SUGGESTED CLASSROOM ACTIVITIES

These activities are merely suggestions. Please use them to generate your own ideas and teaching techniques. We encourage you to plan a field trip to the Governor's Mansion in the future. Admission is always free. Please ask for student materials when you arrive at the Governor's Mansion.

Vocabulary and Concepts:
Mansion • First Lady • Inauguration
Governor • First Family • Term of Office
State • Governor's Mansion • Election
State Capitol • Campaign • Civil War
Revolution • Republic of Texas • Union
Independence • Texas Statehood
Constitution • Annexation • Confederacy
Historic Building • Restoration
Renovation • Preservation

1. Get a large sheet of paper and brainstorm with your students to build an inventory of knowledge about:
The Capitol / The Governor / The Governor's Mansion
Make a list of the items to stimulate your students thoughts on the subjects and bring the list to your tour. Compare what you knew with what you learned by repeating the exercise on your return.

2. Have your students research the Office of the Governor. For instance, have them identify five governors of Texas. Who was the first governor of Texas? Who was the governor when they were born? Who is the governor today? What issues did the governors have to deal with? What are the duties of the Governor? Then brainstorm on the personal lives of the governors. Does the present governor live in the Governor's Mansion? Does his or her family live there, too? What would it be like to be the son or daughter of the governor? If you were governor, how would you spend your days?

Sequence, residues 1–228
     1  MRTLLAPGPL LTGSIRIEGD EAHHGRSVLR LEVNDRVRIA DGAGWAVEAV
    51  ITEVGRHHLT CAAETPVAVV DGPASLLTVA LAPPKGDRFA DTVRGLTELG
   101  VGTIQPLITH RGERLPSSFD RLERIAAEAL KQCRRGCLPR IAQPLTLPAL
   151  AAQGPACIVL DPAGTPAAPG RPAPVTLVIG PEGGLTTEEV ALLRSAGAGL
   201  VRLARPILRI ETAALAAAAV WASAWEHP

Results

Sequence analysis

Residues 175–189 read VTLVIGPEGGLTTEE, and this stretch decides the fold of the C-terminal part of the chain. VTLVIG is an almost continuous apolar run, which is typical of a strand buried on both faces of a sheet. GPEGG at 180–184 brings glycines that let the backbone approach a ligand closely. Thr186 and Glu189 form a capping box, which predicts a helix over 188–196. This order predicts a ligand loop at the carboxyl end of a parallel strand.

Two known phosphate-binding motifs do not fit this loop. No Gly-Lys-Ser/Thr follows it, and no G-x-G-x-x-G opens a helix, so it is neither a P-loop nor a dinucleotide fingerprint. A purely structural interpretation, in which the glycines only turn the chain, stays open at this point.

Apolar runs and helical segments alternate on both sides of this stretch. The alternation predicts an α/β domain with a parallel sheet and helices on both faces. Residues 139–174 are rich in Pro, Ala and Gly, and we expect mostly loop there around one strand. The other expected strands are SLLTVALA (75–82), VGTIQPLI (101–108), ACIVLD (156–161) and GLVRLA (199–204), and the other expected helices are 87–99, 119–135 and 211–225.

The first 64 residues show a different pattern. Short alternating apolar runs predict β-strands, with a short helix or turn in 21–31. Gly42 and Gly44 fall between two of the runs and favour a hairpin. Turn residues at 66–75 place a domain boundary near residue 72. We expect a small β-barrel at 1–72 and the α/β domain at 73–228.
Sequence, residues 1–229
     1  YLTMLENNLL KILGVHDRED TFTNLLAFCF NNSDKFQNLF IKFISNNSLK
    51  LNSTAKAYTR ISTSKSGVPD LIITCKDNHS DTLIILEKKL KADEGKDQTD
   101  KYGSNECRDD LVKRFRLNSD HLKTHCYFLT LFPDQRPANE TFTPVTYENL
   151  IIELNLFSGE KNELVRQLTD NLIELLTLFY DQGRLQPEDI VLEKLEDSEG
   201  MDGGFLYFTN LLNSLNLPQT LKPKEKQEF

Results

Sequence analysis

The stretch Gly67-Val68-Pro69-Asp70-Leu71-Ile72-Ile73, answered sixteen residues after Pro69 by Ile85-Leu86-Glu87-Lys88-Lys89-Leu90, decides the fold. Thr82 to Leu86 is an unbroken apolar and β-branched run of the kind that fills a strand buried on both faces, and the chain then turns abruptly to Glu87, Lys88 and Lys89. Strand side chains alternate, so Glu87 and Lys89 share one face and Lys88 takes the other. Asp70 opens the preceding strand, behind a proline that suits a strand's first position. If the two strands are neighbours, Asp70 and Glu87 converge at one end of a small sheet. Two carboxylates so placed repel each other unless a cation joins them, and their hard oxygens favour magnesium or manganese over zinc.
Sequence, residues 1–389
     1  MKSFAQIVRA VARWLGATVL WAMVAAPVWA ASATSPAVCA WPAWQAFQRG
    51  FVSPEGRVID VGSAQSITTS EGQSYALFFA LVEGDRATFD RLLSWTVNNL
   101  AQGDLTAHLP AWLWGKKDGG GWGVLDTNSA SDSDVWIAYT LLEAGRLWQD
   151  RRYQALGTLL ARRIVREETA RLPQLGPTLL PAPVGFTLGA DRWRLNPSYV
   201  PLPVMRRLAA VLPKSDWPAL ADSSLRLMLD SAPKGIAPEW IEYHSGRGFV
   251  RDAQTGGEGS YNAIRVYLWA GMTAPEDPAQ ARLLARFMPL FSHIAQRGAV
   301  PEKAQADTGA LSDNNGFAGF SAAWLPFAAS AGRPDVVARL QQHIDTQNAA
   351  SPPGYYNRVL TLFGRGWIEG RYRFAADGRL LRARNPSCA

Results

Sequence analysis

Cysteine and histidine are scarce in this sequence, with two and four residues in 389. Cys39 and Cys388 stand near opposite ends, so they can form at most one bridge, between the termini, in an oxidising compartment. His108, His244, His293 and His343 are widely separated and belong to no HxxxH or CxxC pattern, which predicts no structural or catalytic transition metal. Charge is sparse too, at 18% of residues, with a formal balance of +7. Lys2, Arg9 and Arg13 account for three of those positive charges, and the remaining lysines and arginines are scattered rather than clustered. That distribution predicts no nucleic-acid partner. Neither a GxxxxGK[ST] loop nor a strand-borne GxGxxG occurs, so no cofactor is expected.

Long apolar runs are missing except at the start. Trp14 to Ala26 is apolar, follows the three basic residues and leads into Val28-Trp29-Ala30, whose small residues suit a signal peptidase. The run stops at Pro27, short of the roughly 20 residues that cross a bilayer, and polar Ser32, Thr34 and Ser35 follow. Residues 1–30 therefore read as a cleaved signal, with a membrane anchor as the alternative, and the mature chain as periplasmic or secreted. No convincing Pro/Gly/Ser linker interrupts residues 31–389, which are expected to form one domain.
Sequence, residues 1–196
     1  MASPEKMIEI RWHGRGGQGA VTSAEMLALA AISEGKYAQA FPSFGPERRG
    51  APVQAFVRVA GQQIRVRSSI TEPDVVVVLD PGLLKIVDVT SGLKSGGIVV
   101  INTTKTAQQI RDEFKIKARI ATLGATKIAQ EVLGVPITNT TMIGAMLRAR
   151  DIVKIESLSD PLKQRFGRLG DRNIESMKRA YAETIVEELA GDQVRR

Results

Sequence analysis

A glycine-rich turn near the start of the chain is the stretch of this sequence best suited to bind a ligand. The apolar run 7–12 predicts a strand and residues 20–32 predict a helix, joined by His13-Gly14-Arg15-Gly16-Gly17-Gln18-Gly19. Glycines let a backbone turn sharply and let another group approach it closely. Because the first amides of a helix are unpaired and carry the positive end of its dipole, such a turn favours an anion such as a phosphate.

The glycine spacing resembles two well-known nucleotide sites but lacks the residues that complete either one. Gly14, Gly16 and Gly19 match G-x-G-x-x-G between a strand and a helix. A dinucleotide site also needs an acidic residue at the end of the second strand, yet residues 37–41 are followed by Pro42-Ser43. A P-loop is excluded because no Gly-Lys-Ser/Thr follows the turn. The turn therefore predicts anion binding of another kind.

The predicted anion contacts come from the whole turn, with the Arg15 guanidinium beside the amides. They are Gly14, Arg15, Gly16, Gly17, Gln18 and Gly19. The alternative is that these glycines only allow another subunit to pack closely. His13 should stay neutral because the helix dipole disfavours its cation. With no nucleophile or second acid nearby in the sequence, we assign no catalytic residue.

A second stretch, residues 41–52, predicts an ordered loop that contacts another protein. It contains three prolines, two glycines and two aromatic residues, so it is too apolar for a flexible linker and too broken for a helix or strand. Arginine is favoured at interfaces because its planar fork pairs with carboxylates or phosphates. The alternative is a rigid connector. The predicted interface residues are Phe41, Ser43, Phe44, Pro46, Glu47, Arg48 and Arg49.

3. Have the students ask an older person that they know (parent/grandparent/neighbor, etc.) if they have any interesting memories of the previous governors of Texas. Has anyone you know met a governor? Write these memories down and bring them to class.

4. Have your students pretend they are someone who has been invited to dinner at the Governor's Mansion. Have them choose a governor (past or present) and write about their dinner by answering the following questions.
Who are you? What is your Job?
In what year is your visit?
What kind of transportation did you use?
What did you eat?
How are you dressed
What topics of contemporary interest will you discuss over dinner?

5. Ask your students to compare house types from yesterday and today. Does the Governor's Mansion look like a suitable home for the governor? What other kind of buildings does it look like? If your students were to build a governor's mansion today, what would it look like? have your students draw a picture of their governor's mansion. (Or have the class collect shoeboxes and make their own governor's mansion.)

6. Why was it important to restore the Governor's Mansion? To understand the need for restoration, tape a piece of paper to the wall at the door of the classroom and have the students touch it every time they enter the room for two weeks. How worn and dirty will that piece of paper get?

view